Cutis Marmorta Telangiectatica Congentia (CMTC)
Also known as: CMTC
What is Cutis Marmorta Telangiectatica Congentia (CMTC)?
Cutis marmorata telangiectatica congenita (CMTC) is an uncommonly reported, sporadic, congenital cutaneous disorder with persistent cutis marmorata, telangiectasia, and phlebectasia. Ulceration of the involved skin and cutaneous atrophy is described in a number of cases.
In addition, CMTC is often reported in association with a variety of other congenital anomalies, including but not limited to undergrowth or overgrowth of an involved extremity. Congenital disorder which is present at birth or shortly after.
CMTC principally affects the skin. CMTC tends to occur more frequently on the lower limbs, although the upper extremities, trunk, and face may also be involved. When located on the trunk, CMTC tends to have a midline distribution.
The primary lesion is characterized by pinkish blue, reticular, and patchy skin changes. Lesions may be localized or generalized.
Conditions frequently associated with CMTC:
- Skin atrophy and ulcerations
- capillary malformations (i.e., nevus flammeus)
- capillary and cavernous hemangioma
- atrophy or hypertrophy of the affected extremity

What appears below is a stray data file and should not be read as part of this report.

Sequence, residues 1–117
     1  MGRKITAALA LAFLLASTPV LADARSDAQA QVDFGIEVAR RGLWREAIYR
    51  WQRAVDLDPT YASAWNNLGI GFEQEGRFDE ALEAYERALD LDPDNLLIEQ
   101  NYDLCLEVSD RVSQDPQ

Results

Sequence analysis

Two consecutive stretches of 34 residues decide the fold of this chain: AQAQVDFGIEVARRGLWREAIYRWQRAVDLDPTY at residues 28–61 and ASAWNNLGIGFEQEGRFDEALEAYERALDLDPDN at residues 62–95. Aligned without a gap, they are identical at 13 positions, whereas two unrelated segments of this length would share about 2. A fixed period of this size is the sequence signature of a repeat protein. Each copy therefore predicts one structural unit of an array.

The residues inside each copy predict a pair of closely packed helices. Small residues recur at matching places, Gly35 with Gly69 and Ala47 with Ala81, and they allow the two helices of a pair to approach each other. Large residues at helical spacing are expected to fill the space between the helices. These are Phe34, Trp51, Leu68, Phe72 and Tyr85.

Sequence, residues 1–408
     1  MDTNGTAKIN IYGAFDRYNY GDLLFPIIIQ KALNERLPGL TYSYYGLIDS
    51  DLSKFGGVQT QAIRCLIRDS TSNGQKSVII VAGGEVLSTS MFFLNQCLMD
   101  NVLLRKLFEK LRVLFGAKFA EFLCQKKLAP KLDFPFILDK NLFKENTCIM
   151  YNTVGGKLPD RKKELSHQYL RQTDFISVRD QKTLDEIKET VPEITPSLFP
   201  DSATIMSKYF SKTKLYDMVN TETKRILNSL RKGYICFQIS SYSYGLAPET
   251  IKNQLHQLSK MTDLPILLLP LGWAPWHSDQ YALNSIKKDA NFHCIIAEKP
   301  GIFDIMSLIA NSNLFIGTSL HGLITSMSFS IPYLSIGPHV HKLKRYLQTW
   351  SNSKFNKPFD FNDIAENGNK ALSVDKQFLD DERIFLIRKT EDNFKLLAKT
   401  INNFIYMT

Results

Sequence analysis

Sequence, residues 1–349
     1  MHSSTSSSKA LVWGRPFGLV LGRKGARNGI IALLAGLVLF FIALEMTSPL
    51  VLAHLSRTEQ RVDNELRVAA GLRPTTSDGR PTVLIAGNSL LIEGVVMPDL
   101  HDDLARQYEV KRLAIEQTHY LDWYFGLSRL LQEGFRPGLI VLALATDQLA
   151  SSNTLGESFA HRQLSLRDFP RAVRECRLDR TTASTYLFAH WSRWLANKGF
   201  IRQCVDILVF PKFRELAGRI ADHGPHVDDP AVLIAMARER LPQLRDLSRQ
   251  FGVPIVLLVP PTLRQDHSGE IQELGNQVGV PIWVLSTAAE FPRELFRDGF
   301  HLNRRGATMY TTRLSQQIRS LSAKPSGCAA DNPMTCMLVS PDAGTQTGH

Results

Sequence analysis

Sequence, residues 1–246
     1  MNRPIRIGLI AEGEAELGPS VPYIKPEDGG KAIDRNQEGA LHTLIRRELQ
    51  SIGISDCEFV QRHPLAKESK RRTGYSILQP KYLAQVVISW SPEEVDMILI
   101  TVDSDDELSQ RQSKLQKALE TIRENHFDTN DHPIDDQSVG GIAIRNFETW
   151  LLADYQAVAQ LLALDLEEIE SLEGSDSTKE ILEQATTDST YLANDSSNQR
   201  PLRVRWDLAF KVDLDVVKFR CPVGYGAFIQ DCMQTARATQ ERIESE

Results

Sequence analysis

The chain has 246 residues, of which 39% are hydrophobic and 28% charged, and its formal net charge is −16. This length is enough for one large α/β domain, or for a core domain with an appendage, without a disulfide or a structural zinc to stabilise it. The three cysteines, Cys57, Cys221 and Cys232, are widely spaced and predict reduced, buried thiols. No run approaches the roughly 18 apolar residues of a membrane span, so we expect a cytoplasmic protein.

- macrocephaly (macrocephaly cutis marmorata telangiectatica congenita syndrome)
Other conditions associated with CMTC may include the following:
- Body asymmetry (hypoplasia and hypertrophy of the affected limbs)
- Vascular anomalies (capillary and cavernous hemangiomas, nevus flammeus, Sturge-Weber syndrome, Klippel-Trenaunay syndrome, Adams Oliver syndrome
- Glaucoma and retinal detachment
- Cutaneous atrophy
- Neurologic anomalies
Treatment for Cutis Marmorata Telangiectatica Congenita (CMTC)
The port wine stain (PWS)
component of CMTC as well as any residual net-like vascular patches can be treated with pulsed dye laser.
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This page was last updated on: 1/10/2017 9:55:27 AM
From the Newsdesk
Just a few weeks after Brianna was born, her mother noticed a red growth on her daughter’s upper lip. Her pediatrician referred the family to specialists who diagnosed the growth as an Infantile Hemangioma. On December 7th, Dr. Chad Perlyn of Nickalus Children's Hospital, removed the hemangioma.
The Vascular Birthmarks Foundation presented Dr. Ana Duarte with a 2016 Physician of the Year Award for outstanding service in the diagnosis and treatment of children affected by a vascular birthmark.